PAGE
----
Short answer: GPEDIT.MSC (Start, Run, GPEdit.msc)
Windows 2000 and above  offer a computer Startup Scripts collection in the policy editor:
- Computer Settings -> Windows Settings -> Scripts (Startup/Shutdown)
There's an equivalent logon script area (i.e. after computer startup, when a user logs on) in the User configuration bit.
GPEDIT.MSC is the Group Policy editing console, and runs against the local computer's Local Group Policy store when it's used directly, so it's useful for setting local-only parameters. When using Active Directory, a similar interface is used to edit AD Forest-hosted group policy objects (GPOs), so the same settings are available across a bunch of machines.
The computer startup scripts run in the computer context, i.e. as LocalSystem, as you noted, so they often can't access network drives which require a certain user or group membership to work. When domain-member computers access network resources, they generally (with exceptions) authenticate using their MACHINENAME$ account - which lets you set Share/NTFS permissions to allow a computer to access those resources.
A startup script is a quick and easy way of getting a process running when the machine boots.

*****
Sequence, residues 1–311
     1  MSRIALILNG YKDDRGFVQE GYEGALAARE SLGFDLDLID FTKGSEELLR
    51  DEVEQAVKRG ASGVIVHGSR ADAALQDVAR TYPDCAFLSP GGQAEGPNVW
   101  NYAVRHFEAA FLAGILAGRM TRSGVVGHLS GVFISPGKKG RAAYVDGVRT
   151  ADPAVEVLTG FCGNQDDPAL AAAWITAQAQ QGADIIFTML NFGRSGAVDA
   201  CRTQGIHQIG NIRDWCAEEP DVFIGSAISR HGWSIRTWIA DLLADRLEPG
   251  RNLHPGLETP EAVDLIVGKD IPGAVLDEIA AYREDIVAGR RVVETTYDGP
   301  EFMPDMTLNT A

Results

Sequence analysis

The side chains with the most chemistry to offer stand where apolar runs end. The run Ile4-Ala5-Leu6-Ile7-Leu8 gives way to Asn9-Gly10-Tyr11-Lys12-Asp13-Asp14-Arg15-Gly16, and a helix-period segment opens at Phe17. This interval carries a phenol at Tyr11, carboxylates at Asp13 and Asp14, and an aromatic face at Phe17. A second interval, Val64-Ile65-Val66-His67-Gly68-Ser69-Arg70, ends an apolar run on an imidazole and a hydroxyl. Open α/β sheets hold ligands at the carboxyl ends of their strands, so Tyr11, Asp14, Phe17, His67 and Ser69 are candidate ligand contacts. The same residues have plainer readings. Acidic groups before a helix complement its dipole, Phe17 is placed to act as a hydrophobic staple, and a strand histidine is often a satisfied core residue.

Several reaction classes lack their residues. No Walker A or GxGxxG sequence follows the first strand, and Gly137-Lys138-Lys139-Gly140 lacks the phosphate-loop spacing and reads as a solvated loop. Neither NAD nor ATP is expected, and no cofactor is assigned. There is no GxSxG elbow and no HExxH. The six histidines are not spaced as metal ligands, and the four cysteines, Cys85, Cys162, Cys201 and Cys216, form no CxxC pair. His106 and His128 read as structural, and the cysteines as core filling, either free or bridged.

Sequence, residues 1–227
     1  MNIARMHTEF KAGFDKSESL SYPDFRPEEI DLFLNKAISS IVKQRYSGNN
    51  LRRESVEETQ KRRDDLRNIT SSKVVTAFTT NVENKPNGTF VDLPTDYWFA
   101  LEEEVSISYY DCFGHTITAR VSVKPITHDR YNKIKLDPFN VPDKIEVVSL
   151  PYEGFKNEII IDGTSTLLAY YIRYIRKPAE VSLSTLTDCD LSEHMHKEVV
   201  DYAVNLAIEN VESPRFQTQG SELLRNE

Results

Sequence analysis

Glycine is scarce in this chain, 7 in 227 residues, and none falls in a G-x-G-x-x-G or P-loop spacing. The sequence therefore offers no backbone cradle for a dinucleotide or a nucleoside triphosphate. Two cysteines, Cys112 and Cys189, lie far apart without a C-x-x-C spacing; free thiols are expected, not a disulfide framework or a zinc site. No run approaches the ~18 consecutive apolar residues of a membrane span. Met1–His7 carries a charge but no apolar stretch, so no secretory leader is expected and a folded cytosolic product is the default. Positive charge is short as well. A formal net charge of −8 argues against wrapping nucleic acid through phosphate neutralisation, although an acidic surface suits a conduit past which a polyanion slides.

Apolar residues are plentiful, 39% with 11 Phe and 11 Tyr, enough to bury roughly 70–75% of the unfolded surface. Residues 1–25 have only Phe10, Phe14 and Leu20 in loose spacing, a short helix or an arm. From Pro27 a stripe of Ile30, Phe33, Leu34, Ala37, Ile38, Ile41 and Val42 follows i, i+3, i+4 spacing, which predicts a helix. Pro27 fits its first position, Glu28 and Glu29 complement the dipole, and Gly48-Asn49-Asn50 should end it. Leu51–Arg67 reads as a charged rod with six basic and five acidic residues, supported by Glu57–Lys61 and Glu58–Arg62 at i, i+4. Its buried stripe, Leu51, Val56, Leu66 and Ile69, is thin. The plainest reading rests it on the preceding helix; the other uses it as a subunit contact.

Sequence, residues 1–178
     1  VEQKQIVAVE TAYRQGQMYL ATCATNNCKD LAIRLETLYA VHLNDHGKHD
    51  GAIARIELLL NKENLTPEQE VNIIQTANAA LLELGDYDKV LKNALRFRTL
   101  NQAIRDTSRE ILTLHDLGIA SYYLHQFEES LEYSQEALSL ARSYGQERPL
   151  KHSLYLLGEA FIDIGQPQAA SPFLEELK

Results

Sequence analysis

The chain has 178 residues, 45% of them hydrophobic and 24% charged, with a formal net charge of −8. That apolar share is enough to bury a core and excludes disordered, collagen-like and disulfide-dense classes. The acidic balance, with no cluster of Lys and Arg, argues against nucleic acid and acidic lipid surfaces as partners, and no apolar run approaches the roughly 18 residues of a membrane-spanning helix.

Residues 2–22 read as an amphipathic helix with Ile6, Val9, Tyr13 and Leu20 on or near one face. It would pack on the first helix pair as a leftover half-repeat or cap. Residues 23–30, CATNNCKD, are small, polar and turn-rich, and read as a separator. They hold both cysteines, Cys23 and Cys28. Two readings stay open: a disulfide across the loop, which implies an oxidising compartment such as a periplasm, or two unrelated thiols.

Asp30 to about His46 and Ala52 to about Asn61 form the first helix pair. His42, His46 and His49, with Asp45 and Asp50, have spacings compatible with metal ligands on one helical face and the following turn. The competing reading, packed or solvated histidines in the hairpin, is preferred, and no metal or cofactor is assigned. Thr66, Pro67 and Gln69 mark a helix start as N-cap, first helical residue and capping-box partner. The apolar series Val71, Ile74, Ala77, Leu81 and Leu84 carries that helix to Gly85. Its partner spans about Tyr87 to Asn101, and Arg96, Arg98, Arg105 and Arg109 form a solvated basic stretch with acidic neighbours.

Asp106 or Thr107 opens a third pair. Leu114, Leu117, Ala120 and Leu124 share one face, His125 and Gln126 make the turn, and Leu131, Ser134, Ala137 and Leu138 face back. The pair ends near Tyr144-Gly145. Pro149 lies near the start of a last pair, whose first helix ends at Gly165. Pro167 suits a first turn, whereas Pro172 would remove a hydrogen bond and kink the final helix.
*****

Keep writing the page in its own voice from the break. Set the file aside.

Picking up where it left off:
The computer startup process will be affected by the time it takes to run the program, though, so you might want to ensure you call it with the START command from a batch file, or specifying not to wait for the executable to complete in whatever script language you use. (the key point there is: run the script asynchronously unless it's critical, or doesn't need to be run asynchronously cos it will always take no time at all. Long boots = unhappy users).
Using a Win32 Service is an alternative option - you can use the SRVANY utility from the Resource Kit to "service-ify" pretty much any executable. VS.Net 2002 and later also let you build a managed service directly.
And Task Scheduler gets much more capable as of Vista/2008, able to run scripts at startup, on idle, and/or when Event Logs are generated or certain other conditions are met: it's pretty cool! Scheduled Tasks has the possible advantage of being able to specify the user account under which the task runs, if that's important to you.
Run Startup Scripts Asynchronously:
Vista Task Scheduler (what's new):
 Windows XP, 2003, Vista/2008, Windows 7/2008R2, Windows 8/2012, Windows 8.1/2012R2, Windows 10/Windows Server 2016. Everything. But NT4 didn't!